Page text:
Hackney

Rose Red Empire

One of my few realised ambitions in life is to live in Hackney. Although I grew up in Essex – and I am a proud son of that county – I knew from the age of 8 that I’d end up here.

Iain Sinclair seems to get it too. His new book – Hackney, That Rose-Red Empire: A Confidential Report – is out in February, and I’m greatly looking forward to it:

Once an Arcadian suburb of grand houses, orchards and conservatories, Hackney declined into a zone of asylums, hospitals and dirty industry. Persistently revived, reinvented, betrayed, it has become a symbol of inner-city chaos, crime and poverty. Now, the Olympics, a final attempt to clamp down on a renegade spirit, seeks to complete the process: erasure disguised as ‘progress’. In this ‘documentary fiction’, Sinclair meets a cast of the dispossessed, including writers, photographers, bomb-makers and market traders. Legends of tunnels, Hollow Earth theories and the notorious Mole Man are unearthed. He uncovers traces of those who passed through Hackney: Lenin and Stalin, novelists Joseph Conrad and Samuel Richardson, film-makers Orson Welles and Jean-Luc Godard, Tony Blair beginning his political career, even a Baader-Meinhof urban guerrilla on the run. And he tells his own story: of forty years in one house in Hackney, of marriage, children, strange encounters, deaths.

Sinclair’s book was to be launched at one of Hackney’s libraries. A good idea, you might think.

Apparently our Mayor, Jules Pipe, does not agree. The decision was taken to cancel the planned event and disinvite the distinguished author. The Hackney Citizen – thanks to a FOI request – knows why:

In an email dated 24th September 2008, Head of Media Polly Rance wrote: “It is clear that we cannot allow the event to go ahead. I have discussed this with The Mayor and his direction was clear.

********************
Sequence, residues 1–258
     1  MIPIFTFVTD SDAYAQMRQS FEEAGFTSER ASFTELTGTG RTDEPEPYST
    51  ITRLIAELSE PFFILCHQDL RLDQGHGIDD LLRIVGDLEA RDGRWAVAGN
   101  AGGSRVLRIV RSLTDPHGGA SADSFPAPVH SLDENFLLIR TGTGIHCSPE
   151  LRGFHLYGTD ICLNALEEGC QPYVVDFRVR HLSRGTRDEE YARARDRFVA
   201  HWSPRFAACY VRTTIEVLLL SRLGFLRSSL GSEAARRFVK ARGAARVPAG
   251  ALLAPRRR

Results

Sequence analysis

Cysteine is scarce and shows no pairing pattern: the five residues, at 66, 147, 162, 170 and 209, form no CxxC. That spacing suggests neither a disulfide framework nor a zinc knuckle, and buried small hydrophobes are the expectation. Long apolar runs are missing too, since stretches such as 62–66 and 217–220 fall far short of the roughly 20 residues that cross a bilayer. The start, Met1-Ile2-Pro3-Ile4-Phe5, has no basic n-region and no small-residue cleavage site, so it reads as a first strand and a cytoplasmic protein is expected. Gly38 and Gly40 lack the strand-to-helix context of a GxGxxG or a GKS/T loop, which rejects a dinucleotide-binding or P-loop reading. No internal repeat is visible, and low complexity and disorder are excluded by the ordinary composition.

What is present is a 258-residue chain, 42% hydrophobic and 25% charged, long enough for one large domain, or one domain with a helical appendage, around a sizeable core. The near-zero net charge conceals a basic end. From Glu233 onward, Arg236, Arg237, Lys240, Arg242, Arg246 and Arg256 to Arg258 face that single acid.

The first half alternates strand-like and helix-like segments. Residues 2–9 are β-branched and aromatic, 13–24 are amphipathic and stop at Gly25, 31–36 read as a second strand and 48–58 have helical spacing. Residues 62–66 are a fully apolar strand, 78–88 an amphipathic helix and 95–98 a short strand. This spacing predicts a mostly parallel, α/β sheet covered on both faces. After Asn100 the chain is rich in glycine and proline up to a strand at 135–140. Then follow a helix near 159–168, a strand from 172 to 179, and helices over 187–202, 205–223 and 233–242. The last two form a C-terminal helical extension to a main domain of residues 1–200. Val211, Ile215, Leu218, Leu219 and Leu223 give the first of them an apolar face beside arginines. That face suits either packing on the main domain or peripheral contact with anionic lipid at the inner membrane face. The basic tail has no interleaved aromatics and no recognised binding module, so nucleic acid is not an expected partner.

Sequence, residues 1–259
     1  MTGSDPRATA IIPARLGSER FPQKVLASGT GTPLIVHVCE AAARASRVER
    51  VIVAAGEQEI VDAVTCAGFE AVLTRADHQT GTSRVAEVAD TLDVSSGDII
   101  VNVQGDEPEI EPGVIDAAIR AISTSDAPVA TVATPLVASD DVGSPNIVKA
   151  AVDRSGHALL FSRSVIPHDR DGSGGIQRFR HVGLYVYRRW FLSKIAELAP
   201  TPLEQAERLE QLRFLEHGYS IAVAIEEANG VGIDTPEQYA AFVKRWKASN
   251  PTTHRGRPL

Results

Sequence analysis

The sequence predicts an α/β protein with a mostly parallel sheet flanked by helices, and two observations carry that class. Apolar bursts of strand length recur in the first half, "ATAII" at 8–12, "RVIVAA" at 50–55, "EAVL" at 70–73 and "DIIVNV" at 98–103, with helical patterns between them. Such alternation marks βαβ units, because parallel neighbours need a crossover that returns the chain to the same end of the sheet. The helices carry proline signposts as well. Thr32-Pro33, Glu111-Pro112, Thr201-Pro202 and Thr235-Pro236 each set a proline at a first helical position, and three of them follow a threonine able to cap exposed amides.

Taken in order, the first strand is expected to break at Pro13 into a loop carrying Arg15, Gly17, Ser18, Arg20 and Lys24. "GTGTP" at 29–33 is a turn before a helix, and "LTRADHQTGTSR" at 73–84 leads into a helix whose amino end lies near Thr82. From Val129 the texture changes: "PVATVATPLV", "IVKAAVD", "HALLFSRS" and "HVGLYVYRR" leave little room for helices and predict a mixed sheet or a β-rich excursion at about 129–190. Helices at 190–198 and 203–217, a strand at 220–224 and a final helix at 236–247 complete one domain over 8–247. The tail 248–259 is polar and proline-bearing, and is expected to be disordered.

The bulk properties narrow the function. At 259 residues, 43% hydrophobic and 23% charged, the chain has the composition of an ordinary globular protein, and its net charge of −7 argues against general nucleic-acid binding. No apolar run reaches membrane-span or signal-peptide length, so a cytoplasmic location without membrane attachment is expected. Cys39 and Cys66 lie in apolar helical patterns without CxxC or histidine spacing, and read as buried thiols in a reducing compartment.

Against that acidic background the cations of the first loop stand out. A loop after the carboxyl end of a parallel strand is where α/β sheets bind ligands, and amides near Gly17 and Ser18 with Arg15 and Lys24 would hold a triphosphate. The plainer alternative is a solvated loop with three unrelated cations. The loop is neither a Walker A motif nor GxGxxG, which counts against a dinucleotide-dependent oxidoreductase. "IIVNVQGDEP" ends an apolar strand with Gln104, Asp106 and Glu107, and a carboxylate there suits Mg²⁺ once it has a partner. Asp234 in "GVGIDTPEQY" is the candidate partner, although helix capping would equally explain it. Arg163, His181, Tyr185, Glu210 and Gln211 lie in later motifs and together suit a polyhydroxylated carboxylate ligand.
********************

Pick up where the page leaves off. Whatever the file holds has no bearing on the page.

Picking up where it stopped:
“He feels, as do I, that we should not host an event on Council premises promoting a book which has an overtly contraversial (sic.) and political (albeit non-party) agenda, and actively promotes an opinion which contradicts our aims and values as an organisation – in this case the 2012 games and legacy, which Sinclair’s book will seek to ‘expose’ as a con being perpetrated on the people of the East End.

“My suggestion…was that we write to the publishers and let them know that we feel it would be inappropriate for the Council to host the event, but offer to assist them by suggesting other local venues such as independent book shops. If pushed we can explain that we do not wish it to appear that the Council is in anyway condoning or endorsing the content of Sinclair’s book. I have discussed the potential PR ramifications of this with Jules and he is comfortable with this approach, in that it is honest, straightforward and a position he would feel comfortable defending.”

Uh huh.

So, what do you think the consquences would be of cancelling an event, on the grounds that Jules Pipe can’t take a bit of criticism of the Olympics.

To discover the answer, Hackney Council conducted a “book launch risk analysis”.

“Cancellation of a library event on the grounds of the legal content of a work runs contrary both the ethics (sic.) of the profession and to the principle of the Stock Acquisition Policy which states that Hackney will adhere to the CILIP Policy on Intellectual Freedom and Censorship. This policy has been signed off by the Lead Member for Culture.”

With a prescience verging on the prophetic, the risk analysis also warns that Sinclair might publicise the cancellation on BBC Radio Four (he did just that).

In addition, the analysis warns: “Given the high number of media professionals who live in the borough, the event is likely to get a good deal of publicity.”

You think?

(via Ben Locker)

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